GOLF, TENNIS, AND WARM weather may always be the primary allure for retirees, but over the past few years, many of the nation's colleges have been working with local developers to build retirement villages that offer seniors the educational, social, and cultural trappings of college life.
Leon Pastalan, director of the National Center on Housing and Living Arrangements for Older Americans at the University of Michigan, says at least 60 university-based retirement communities are already operating or are about to be developed, or the schools are seriously looking at bringing in such housing.
“Life has to be more than golf and tennis,” says Pastalan, adding that colleges and universities have an obligation to extend the mission of education beyond 18- to 22-year-olds.
One of the models recognized nationally is The Village at Penn State, which broke ground in February 2002 and now has 150 occupied units in State College, Pa., about one mile from the Penn State University campus.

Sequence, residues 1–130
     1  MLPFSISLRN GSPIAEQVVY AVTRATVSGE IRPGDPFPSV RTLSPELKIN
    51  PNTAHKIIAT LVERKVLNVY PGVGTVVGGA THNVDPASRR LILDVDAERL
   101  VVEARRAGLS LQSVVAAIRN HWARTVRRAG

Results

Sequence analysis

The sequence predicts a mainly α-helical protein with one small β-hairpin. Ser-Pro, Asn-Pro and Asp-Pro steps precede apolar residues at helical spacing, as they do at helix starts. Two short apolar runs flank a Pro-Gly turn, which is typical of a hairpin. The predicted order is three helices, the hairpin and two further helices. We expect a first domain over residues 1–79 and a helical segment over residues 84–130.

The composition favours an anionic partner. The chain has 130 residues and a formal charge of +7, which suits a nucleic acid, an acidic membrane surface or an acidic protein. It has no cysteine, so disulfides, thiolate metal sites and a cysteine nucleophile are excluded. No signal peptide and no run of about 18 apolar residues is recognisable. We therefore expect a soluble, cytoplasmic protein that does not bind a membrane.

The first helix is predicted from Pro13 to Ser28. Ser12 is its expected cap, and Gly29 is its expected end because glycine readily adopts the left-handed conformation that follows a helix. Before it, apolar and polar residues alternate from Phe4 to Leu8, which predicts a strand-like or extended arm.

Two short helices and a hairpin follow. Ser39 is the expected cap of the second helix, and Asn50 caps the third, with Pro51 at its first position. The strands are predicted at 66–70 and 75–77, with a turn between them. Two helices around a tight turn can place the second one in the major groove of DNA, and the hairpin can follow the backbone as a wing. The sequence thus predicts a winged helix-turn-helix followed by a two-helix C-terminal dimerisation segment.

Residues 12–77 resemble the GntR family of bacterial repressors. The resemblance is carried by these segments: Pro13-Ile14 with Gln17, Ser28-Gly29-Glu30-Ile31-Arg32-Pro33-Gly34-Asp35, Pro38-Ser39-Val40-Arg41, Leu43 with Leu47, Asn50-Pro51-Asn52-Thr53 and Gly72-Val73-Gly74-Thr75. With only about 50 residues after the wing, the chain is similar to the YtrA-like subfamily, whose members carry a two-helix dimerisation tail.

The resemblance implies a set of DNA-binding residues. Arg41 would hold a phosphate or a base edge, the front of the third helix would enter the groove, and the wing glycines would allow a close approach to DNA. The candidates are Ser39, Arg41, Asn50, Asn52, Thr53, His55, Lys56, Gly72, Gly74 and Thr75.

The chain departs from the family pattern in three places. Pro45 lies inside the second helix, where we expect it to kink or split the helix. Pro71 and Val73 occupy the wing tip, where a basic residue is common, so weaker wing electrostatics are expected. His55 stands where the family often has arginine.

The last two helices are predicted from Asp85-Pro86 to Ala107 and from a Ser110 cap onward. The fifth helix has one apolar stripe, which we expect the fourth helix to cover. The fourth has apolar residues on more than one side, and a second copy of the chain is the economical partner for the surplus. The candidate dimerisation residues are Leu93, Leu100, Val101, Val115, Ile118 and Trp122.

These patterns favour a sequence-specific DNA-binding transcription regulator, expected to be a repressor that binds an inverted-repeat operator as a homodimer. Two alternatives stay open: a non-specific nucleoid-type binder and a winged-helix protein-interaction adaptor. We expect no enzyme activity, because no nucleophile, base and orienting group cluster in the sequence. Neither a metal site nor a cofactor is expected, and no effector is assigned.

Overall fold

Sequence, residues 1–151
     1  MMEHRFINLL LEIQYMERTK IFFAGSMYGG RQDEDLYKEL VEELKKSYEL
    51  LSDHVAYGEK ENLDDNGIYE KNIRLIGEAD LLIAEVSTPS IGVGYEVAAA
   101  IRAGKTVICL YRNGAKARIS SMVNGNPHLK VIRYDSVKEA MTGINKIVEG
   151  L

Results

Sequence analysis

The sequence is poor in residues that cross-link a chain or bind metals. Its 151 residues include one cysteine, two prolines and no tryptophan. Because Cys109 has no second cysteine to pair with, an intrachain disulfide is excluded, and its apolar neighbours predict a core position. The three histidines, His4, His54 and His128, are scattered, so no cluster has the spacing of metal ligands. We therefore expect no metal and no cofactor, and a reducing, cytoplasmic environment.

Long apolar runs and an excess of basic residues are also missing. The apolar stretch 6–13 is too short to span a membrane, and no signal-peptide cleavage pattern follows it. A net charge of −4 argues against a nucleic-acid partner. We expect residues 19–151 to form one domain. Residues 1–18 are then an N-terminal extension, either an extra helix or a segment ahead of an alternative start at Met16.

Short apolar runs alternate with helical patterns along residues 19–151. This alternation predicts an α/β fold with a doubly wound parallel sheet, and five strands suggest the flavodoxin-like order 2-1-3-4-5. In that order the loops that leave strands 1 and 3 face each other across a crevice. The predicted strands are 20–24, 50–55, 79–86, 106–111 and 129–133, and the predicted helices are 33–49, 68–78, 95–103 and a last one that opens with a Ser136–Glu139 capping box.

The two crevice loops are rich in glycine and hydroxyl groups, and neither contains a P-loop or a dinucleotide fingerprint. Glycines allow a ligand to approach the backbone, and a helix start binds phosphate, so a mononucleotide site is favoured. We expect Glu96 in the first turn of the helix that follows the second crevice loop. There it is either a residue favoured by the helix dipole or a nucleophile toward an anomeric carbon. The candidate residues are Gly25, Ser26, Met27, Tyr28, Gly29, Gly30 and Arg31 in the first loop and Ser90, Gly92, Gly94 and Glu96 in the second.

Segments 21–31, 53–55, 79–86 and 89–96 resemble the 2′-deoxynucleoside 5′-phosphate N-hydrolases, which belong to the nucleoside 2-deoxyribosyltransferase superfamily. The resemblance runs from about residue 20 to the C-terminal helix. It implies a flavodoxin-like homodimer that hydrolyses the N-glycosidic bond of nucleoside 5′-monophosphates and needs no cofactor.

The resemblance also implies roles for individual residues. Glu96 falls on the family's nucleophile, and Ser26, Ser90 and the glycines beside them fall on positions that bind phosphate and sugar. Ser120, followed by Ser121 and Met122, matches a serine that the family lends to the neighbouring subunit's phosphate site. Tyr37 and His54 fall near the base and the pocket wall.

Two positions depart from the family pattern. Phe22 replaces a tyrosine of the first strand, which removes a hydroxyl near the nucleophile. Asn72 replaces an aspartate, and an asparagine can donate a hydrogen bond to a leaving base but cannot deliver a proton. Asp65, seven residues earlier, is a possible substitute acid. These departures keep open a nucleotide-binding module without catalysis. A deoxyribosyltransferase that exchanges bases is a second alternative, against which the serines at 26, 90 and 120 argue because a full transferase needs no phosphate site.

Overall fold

Carol Herrmann, vice president of Pinnacle Development, which took the lead on the project, says of the 150 units, 138 are 1,200-square-foot apartments and the other 12 are cottages, roughly 1,600 to 1,800 square feet. The apartments range from $147,000 to $275,000. The cottages start at $350,000. Residents must be 62 or over—the average age is 78. About 70 percent of the residents are affiliated with Penn State in some way. Residents can take advantage of special lectures, concerts, and, of special note, transportation to Penn State football games.
Pastalan says other colleges with similar retirement villages include Notre Dame, the University of Michigan, and Ithaca College.
Learn more about markets featured in this article: State College, PA.